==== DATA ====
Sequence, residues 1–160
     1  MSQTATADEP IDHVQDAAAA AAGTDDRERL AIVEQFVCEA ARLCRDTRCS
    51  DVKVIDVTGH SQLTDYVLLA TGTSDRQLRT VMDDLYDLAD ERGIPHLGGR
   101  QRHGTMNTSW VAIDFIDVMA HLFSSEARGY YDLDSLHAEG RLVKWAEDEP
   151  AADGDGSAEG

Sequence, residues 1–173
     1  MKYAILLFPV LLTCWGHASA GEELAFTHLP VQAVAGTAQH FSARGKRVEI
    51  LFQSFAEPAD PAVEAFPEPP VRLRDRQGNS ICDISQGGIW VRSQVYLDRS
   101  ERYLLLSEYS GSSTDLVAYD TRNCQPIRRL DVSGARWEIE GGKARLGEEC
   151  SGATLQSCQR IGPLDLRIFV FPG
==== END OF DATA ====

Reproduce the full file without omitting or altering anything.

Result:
Sequence, residues 1–160
     1  MSQTATADEP IDHVQDAAAA AAGTDDRERL AIVEQFVCEA ARLCRDTRCS
    51  DVKVIDVTGH SQLTDYVLLA TGTSDRQLRT VMDDLYDLAD ERGIPHLGGR
   101  QRHGTMNTSW VAIDFIDVMA HLFSSEARGY YDLDSLHAEG RLVKWAEDEP
   151  AADGDGSAEG

Sequence, residues 1–173
     1  MKYAILLFPV LLTCWGHASA GEELAFTHLP VQAVAGTAQH FSARGKRVEI
    51  LFQSFAEPAD PAVEAFPEPP VRLRDRQGNS ICDISQGGIW VRSQVYLDRS
   101  ERYLLLSEYS GSSTDLVAYD TRNCQPIRRL DVSGARWEIE GGKARLGEEC
   151  SGATLQSCQR IGPLDLRIFV FPG